Probes into four safety incidents at Hunterston nuclear plant

Investigations have been launched into four safety incidents at the Hunterston B nuclear power station in North Ayrshire, according to the UK government’s nuclear watchdog.

The plant’s operator, EDF Energy, is examining three incidents that took place between April and June. Cooling for a reactor was lost, a shutdown pump failed and smoke came from a control room panel.

The company has also been investigating a fourth incident from earlier in the year when a power failure prevented cooling gas from being circulated around a reactor.

The two reactors at Hunterston B have been closed down since last year because of proliferating cracks in their ageing graphite cores. EDF has repeatedly postponed their planned restart dates as the safety implications of the cracking are assessed.

Campaigners said that losing reactor coolant could be “extremely dangerous” and urged that the reactors remain closed. But EDF described the incidents as “very minor” and insisted the reactors could be safely restarted.

Hunterston reactors under ‘enhanced’ regulation due to cracks

The four incidents have been disclosed in the latest quarterly safety reports on Hunterston B from the UK government’s Office for Nuclear Regulation (ONR). The dates on which the incidents occurred are not given.

The report covering April to June 2019 described a problem during operations to fill cooling systems for reactor three with carbon dioxide. “A gas circulator low level alarm was received on the lubrication oil tank which caused the gas circulators to trip,” said the report.

“This caused a loss of forced cooling to the reactor. The remaining available gas circulators were started up and the tripped gas circulators were returned to service following top up of the oil tank level.”

The report added: “Reactor three has been shut down for a considerable time and the brief loss of gas circulation did not challenge reactor three cooling requirements.”

A second incident in the same quarter saw a nitrogen pump fail “due to a valve configuration issue”. This led to one of three pumps in a system used to shut down reactors in an emergency to become unavailable.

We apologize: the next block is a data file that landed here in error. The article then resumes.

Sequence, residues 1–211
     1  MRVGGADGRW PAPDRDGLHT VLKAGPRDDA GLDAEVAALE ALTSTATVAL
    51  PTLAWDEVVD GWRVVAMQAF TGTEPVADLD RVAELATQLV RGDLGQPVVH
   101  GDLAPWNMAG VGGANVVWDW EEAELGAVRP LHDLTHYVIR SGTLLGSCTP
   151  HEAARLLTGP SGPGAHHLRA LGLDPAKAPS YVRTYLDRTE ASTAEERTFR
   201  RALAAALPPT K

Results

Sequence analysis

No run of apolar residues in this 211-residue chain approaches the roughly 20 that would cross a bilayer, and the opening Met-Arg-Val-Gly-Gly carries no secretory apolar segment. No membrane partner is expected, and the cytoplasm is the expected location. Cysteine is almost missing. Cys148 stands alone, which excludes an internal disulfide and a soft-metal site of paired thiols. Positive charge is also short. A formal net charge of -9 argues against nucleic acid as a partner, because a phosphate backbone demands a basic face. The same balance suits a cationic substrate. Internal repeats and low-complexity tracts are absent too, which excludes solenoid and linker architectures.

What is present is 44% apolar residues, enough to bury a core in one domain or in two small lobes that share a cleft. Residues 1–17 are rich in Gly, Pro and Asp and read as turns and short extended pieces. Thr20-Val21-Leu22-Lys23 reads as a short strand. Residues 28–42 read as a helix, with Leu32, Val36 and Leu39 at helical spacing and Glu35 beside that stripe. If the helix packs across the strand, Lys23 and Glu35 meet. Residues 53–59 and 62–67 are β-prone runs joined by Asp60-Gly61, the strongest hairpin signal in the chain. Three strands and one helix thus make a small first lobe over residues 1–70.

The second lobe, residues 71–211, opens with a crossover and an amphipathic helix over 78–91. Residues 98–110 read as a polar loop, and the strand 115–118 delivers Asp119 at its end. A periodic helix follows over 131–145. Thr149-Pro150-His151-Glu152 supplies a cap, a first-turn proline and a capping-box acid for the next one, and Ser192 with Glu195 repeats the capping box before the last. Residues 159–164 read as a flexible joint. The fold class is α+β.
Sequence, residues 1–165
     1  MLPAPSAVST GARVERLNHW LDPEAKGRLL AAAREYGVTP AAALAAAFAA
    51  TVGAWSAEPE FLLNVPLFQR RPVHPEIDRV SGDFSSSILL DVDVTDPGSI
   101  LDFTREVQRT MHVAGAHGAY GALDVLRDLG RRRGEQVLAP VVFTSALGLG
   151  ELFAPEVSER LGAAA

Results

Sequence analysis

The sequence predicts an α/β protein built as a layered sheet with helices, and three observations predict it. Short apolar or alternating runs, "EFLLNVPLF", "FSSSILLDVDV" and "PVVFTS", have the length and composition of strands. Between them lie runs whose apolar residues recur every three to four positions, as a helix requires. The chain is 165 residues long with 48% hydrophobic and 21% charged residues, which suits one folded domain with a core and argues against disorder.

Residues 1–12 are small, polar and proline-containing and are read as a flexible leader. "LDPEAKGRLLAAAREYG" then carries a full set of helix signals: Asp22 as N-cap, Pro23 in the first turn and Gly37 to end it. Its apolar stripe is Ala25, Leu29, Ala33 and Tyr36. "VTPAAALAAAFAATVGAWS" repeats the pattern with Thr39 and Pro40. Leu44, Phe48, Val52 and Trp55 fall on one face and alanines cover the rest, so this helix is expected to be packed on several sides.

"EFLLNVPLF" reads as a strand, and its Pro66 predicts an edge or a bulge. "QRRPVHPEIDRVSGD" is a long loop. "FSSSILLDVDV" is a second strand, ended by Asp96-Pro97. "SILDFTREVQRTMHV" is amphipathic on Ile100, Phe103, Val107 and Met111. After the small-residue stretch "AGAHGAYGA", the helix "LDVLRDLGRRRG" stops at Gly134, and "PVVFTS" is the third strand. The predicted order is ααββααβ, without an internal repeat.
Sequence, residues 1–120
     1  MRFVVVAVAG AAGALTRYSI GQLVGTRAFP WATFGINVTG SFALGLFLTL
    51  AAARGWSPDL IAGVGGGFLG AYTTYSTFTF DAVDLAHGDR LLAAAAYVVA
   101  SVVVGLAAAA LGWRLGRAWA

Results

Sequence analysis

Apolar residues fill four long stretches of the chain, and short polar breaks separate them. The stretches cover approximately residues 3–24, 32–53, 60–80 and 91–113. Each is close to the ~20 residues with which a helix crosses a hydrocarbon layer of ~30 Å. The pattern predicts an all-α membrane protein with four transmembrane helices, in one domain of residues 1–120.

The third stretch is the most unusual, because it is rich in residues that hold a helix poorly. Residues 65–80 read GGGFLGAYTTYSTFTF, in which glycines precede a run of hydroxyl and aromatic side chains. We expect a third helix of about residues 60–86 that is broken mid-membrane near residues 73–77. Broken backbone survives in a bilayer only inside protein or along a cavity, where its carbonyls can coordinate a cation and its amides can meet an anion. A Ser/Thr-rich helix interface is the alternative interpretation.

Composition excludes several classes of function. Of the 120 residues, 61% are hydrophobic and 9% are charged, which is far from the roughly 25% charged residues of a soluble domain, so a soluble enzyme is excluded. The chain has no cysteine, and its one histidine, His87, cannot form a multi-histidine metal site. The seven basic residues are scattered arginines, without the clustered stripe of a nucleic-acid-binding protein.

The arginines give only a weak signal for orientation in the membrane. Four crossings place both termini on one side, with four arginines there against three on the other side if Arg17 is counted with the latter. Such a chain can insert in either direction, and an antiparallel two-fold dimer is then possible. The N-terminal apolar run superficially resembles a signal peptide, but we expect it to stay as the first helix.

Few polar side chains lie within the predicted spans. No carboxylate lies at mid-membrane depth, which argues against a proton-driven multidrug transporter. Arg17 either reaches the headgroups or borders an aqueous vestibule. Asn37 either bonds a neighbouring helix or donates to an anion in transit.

“The reactors are shutdown with all control rods inserted, thus the significance of the event was minor as the two other nitrogen pump trains were available and therefore operating rule requirements continued to be met,” the ONR report said.

In a third incident between April and June smoke was seen coming from an electrical panel in a control room. “The event occurred due to an electrical coil that had burnt out within a control panel,” said ONR.

“The panel was isolated and there was no further risk of smoke or fire. A site fire muster was carried out and the fire service attended. There were no nuclear safety consequences from this event.”

A fourth incident involving a power failure at reactor three was outlined in the ONR report covering January to March. “The electrical supply to the gas circulators was lost resulting in loss of forced circulation to the reactor for short period whilst supplies were re-established,” it said.

“Investigations identified that a switch semaphore in the control room had indicated that an interconnector was closed when in fact the interconnector was open resulting in an interruption to electrical supplies when the supplies were switched.”

There had been a failure by EDF “to adequately risk assess the operation,” the ONR report added. “There were no radiological consequences from this event as reactor three has been shut down for a year and the cooling requirements were much reduced.”

Reactor three at Hunterston – the subject of a series of revelations by The Ferret since 2017 – is the oldest of its kind in the UK. It was was shut down on 9 March 2018 and EDF currently plans to restart it on 1 October 2019.

According to ONR, there are an estimated 377 cracks in the graphite blocks that make up the radioactive core of reactor three. That is based on EDF inspections of 28 per cent of the core, and breaches the reactor’s operational safety limit of 350 cracks.